We had amused ourselves attending an Angels game and now I wanted to see Santa Monica. The coach at Santa Monica College, Eric Swanson, had heard  I was shopping around for a juco program and wrote me a nice letter in Colorado. He wrote that he knew who I was, had a good scouting report on me, and that if I came to Santa Monica I would “lead the state in innings pitched.”

So Dad and I swung over without an appointment, and luckily Coach Swanson was in his office. He was very happy to see us. He was a young man, still in his 30s if not younger. He explained that he was also a “bird dog” scout for the Houston Astros and would the next summer be managing their rookie league club. The school still had a nice on-campus field, which was subsequently torn down to make room for a library.

He told me I could stay in his house in Studio City until I found an apartment, and also painted a great portrait of life in Santa Monica, which of course included lots of “pretty girls.” Music to my ears. Suddenly the smog and overcrowded freeways of Cerritos did not compare to the refreshing ocean breezes of Santa Monica’s bikini-laden beaches. I agreed to come play for Coach Swanson at Santa Monica College. 

Before heading to the airport that evening, Dad took me to dinner at a restaurant right on Santa Monica Pier. One gorgeous swimsuit maiden after another walked past, and I was in Heaven. This was the place for me.

A few weeks later I loaded up my 1967 Plymouth Fury convertible and drove to Santa Monica. I parked the car in the parking lot and proceeded to Coach Swanson’s office. He had agreed to let me stay at his home. I knocked on the door and a pudgy little guy with curly out-grown hair answered.

“Hi, I’m Steve Travers,” I said. “I’m here to play baseball for Coach Swanson.”

“Coach Swanson resigned,” he told me. “I’m Marty Berson, the new coach.”

This was not good news, and not just because I suddenly had no place to stay. Berson had coached at Savannah High School in Anaheim. Man, listening to him, you would have thought that baseball was invented and re-invented in Orange County. They had the best players, the best coaches, the best facilities and the best programs. On and on. Therefore, since he was willing to grace Santa Monica with all of his Orange County polish and luster, Berson acted like he was God’s gift to baseball.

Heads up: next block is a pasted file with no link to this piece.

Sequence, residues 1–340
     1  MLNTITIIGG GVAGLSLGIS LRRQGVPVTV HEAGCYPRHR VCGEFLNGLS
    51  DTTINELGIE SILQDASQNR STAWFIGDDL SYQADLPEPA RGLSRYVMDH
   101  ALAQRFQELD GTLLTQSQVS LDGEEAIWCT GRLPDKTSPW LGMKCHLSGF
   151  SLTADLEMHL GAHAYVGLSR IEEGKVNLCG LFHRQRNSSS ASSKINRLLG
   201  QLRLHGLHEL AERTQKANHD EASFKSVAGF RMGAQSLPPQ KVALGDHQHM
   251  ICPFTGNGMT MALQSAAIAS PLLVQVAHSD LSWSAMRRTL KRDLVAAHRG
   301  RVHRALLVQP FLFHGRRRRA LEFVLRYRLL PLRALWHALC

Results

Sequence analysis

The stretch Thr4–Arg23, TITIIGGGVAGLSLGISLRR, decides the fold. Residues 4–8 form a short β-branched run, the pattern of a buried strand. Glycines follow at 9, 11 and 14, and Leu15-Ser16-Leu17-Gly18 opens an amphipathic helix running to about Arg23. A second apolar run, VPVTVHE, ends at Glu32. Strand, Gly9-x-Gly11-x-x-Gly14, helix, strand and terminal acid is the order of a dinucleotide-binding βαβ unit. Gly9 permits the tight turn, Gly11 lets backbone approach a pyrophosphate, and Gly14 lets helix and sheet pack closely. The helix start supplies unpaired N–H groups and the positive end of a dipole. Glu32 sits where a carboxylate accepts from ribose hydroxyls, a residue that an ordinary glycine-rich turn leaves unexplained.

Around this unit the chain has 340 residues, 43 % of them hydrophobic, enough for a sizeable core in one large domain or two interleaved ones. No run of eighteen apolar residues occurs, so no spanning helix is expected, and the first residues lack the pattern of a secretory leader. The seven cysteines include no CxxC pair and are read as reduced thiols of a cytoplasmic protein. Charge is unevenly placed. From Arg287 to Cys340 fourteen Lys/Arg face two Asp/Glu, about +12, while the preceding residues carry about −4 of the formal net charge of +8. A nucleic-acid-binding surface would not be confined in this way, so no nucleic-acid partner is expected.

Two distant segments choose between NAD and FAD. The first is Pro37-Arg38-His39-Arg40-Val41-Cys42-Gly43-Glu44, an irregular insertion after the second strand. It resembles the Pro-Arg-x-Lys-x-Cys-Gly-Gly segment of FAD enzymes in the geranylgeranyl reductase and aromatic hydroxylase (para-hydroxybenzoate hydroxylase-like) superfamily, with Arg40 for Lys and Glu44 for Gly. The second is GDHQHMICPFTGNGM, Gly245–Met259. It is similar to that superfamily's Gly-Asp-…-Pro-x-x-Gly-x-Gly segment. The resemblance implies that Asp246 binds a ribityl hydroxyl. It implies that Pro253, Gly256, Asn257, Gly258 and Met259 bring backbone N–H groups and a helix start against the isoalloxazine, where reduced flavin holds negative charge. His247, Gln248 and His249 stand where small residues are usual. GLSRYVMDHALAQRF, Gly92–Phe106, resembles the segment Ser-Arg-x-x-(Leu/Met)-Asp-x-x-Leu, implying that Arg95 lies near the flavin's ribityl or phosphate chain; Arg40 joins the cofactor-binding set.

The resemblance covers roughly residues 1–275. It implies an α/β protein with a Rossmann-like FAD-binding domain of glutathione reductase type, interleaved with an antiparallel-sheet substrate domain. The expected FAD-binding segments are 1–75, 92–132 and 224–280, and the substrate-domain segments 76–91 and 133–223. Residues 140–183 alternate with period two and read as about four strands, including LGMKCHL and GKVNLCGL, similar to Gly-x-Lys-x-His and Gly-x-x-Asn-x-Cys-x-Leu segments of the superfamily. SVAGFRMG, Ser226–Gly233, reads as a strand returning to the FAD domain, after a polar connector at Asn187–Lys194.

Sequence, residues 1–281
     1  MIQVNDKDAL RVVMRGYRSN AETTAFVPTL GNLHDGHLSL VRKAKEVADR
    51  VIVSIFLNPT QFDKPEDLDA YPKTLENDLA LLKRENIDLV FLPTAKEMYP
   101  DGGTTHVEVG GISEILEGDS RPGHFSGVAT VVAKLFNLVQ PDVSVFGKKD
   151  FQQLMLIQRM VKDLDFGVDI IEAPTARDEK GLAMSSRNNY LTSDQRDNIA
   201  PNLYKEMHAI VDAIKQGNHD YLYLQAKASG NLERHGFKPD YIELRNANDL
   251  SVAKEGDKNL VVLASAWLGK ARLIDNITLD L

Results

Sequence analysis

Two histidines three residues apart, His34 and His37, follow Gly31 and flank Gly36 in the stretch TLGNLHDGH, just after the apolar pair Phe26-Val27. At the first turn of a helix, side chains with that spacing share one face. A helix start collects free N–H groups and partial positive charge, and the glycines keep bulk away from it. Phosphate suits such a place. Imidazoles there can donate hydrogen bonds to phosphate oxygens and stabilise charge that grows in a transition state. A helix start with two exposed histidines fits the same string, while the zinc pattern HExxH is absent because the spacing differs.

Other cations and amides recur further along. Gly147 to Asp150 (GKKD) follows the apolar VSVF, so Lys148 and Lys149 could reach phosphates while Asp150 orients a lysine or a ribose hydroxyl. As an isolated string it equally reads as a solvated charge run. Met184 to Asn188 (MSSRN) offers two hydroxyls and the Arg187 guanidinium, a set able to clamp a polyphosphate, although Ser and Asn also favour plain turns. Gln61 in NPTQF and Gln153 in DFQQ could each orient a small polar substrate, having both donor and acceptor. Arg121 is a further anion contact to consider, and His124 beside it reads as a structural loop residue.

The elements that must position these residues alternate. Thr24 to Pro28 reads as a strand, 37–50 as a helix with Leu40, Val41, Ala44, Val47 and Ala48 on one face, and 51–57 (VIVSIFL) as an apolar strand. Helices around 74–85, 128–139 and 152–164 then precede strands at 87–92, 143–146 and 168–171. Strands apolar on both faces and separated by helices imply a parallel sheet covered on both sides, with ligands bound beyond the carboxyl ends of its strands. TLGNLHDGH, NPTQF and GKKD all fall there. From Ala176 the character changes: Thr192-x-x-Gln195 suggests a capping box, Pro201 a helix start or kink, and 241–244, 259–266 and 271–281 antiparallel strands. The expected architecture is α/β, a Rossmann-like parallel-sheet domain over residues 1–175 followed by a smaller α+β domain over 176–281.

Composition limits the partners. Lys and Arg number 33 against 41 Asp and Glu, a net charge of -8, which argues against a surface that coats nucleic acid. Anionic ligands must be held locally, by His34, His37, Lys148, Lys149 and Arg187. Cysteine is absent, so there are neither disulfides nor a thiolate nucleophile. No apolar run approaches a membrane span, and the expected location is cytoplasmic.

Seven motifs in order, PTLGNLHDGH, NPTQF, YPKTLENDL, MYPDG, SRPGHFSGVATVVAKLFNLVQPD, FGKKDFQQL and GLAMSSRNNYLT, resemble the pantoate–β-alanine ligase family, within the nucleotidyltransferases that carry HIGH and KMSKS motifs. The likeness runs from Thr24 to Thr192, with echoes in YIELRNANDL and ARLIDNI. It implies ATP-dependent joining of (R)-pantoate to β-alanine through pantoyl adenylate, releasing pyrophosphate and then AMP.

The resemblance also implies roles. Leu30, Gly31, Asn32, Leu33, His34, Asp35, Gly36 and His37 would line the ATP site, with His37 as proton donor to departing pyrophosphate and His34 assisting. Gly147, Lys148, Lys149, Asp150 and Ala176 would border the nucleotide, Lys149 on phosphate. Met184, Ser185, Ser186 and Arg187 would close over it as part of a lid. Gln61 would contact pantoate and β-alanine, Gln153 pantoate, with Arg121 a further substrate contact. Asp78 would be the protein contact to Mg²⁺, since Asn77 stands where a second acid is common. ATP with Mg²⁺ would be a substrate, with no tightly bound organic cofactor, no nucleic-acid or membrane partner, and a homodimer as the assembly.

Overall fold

He had coached winning teams and two of his players were the Hoffman brothers, Glenn and Trevor. Glenn would later manage the Dodgers and of course Trevor would become a Hall of Famer with San Diego. But whereby Swanson had recruited me and told me I would be his ace guy, I received no such assurances from Coach Berson. On top of that, he had brought a number of Orange County pitchers with him to SMC, and favored them for sure.  

Right off the top my experience in Santa Monica was a rocky one. Without Coach Swanson I had no place to stay so I used my dad’s credit card to stay the night at a hotel. The next morning I discovered my wallet was missing. I went to the car and it was not there. I spent the night “homeless,” sleeping in my car, desperate. 

Then, as if a gift from God, I found my wallet under some suitcases in my trunk. Relieved, I found an apartment, started classes, and playing fall ball for the Santa Monica Corsairs. That was where I met John Gabruk. Man, what a character, a cross between Rasputin and Ernest Hemingway, or maybe Hunter S. Thompson.

John had played baseball at Venice High, which in those days had a highly-respected coached. They were an L.A. City power. John then got in some trouble with the law, and a judge told him he could avoid jail time if he joined the Army, which was in post-Vietnam disarray under Jimmy Carter.

Gabruk was stationed in Alaska and had an affair with a woman who was the wife or girlfriend of a fellow soldier. An altercation ensued and John pulled a knife, and may have injured the other guy although not seriously. He was thrown out of the Army, although they still sent him a check, perhaps part of the G.I. bill. He enrolled at Santa Monica College to resume playing baseball, and was 22 or 23 compared to the rest of us, who were 18 or 19.